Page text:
In what should be old news by now, Warren Buffett bought a sizable position in Kraft (KFT) recently. Besides this stamp of approval, which is all most people need, really, what else has Kraft got going for it?
Headquartered in Illinois, Kraft makes and sells various food products around the world, from snacks to beverages to frozen dinners to diet foods to desserts. It is the largest packaged food company in North America, and second largest in the world. Pretty much any packaged supermarket category you can think of, Kraft has a product for it. You probably ate something it made today. If not, you will soon. Six of Kraft's brands generate over $1 billion in sales each year. You may have heard of them: Jacobs, Kraft, Nabisco, Oscar Mayer, Maxwell House, and Philadelphia. It's hard to avoid buying something manufactured by Kraft, which is likely one reason Buffet bought a ton of its stock. But why now?
Despite it being the ultimate consumer staples stock, the company, which before was a part of Altria (MO) (Philip Morris before the name change) faces some problems. Commodity prices are soaring. This includes agriculture products as well as energy and packaging costs. Kraft has trouble raising its prices to compensate because of private label competition, to which Kraft is losing market share. This has contributed to the company's weak stock price, hovering near 52 week lows before the announcement that Buffet bought the stock.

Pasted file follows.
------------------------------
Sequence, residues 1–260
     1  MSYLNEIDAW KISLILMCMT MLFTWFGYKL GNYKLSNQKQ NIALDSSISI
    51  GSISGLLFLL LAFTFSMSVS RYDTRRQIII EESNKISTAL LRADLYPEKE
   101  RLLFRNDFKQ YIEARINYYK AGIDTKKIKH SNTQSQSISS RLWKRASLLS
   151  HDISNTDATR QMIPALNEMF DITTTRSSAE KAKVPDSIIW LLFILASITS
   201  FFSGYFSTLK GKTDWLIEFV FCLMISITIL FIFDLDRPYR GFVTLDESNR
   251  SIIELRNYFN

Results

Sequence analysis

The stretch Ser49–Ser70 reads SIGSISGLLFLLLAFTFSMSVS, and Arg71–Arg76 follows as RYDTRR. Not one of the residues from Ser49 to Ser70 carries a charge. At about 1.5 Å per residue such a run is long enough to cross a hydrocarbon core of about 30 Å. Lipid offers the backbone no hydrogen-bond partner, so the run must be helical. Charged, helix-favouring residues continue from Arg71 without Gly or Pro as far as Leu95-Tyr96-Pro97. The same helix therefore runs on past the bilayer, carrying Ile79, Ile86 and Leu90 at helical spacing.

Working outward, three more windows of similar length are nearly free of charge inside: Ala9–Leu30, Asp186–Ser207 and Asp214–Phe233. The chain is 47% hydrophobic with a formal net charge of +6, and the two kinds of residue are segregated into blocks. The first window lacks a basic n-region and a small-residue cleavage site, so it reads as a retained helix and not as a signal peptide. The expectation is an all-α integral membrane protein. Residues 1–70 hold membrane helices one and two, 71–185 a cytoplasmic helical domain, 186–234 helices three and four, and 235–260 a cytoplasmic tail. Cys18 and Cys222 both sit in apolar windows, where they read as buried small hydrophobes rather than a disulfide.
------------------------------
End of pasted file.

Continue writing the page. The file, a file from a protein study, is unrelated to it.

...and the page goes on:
To counteract these headwinds, the company is trying to save on productivity. Moreover, it recently bought Groupe Donone's (GDNNY) biscuit unit for $7.8 billion, which should help it gain market share in overseas markets. Kraft plans to sell off its underperforming Post cereals, which include Shredded Wheat and Raisin Bran. Post will be sold for $1.7 billion to Ralcorp (RAH). As the transaction will be all stock, it will be tax free, and Kraft shareholders will own 54% of Ralcorp. The transaction will get rid of about $1 billion in debt off of Kraft's books.
Additionally Kraft will sell its Fruit2O and Veryfine beverage brands to Sunny Delight, which used to be part of Proctor & Gamble (PG). Analysts expect Kraft to divest some of its other non-core businesses, like Stove Top stuffing, A.1. Steak Sauce, and Grey Poupon. All this should increase Kraft's growth.
Analysts speculate that since Nestle (NSRGY), the world's largest packaged goods maker, recently authorized a $20 billion stock repurchase plan, Kraft might be pressured by shareholders to do the same. If it turns out true, this too should raise the stock's price.
Kraft's dividend yield, as of writing, is a solid 3.7%. It has raised its dividend every year since 2001.
In all, Kraft is a large transnational company with brands almost everybody buys, that has faced and will face some near term trouble. Its future, however, appears pretty bright. Given Buffett's endorsement, I'll consider buying it under $30.